A surreal odyssey through modern Britain
This book is sub-titled “a surreal odyssey through modern Britain” and that seems apt. On the surface it’s a record of how two retired Scots, the author and his friend John, rode every mile of all the railways in the mainland UK (and also on the Isle of Wight) but if that’s the book you’re looking for then this is not it. John is the railway nerd and it’s clear he planned the expedition and knows much about the railways, but of his knowledge you hear only passing references.
The author is on a rather different journey. For a start he engages with about 250 other passengers to discover their stories. That in itself would be interesting enough but there’s a surreal element overlaying this all.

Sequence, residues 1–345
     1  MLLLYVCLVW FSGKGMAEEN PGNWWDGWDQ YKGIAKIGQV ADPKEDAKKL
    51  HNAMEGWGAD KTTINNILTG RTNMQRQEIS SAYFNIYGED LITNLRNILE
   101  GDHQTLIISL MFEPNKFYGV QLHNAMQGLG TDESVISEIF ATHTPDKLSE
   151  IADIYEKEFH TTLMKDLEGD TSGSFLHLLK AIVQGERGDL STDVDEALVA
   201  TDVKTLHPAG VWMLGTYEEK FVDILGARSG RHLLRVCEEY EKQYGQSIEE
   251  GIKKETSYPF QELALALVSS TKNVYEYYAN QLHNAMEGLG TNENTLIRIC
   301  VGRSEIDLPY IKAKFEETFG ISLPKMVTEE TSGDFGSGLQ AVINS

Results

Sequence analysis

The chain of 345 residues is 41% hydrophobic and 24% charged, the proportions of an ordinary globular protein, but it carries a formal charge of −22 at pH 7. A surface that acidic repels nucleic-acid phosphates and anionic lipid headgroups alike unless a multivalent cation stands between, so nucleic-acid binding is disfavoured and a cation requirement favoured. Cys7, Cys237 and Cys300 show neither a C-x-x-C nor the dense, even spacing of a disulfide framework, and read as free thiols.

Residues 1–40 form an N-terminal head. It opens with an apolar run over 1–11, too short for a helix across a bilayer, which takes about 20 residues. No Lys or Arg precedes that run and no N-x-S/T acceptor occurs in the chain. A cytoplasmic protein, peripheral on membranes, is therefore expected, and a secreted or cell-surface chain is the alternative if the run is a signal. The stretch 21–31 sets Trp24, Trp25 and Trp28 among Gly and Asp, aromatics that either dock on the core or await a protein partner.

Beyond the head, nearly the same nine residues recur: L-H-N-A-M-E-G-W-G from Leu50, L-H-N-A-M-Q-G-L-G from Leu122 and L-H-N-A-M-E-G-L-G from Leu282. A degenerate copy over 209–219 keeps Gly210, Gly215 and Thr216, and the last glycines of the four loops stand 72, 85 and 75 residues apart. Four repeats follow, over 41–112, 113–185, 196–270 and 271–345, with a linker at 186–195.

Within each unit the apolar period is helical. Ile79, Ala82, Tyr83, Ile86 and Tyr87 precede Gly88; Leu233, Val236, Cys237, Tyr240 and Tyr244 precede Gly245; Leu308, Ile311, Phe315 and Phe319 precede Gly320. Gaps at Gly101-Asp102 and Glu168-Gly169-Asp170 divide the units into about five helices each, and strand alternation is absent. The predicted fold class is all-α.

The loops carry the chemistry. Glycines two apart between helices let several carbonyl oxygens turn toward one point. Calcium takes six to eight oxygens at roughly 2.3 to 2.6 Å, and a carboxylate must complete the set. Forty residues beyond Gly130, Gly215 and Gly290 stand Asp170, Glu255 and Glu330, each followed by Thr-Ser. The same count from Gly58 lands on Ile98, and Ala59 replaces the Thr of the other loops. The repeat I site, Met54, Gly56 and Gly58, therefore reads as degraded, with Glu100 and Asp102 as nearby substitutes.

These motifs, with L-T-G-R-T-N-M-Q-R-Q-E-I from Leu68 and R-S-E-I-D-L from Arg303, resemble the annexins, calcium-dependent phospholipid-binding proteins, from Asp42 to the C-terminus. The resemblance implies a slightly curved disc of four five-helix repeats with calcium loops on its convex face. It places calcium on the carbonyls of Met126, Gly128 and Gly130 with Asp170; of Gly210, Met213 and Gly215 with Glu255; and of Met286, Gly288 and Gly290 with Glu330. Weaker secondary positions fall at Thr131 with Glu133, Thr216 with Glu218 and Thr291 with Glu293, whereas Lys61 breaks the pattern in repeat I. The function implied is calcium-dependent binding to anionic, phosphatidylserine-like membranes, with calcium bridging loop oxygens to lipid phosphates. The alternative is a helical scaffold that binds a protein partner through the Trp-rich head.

For a start the two are accompanied throughout their journeys by Daniel Defoe, who keeps escaping from the pages of his book (and the author is clearly knows quite a lot of Defoe’s life and publications) but we’re also joined at various points by fictional characters from books and films and also real characters from history. Isambard Kingdom Brunel for example joins in on several occasions.
There’s also a general fantasy element too on top of these spirit passengers. So a description of something ordinary will suddenly lurch into fantasy.
All of this is very strange and I suspect you’ll either put it to one side in frustration after a couple of dozen pages or embrace its weirdness and find joy in it. I know I did.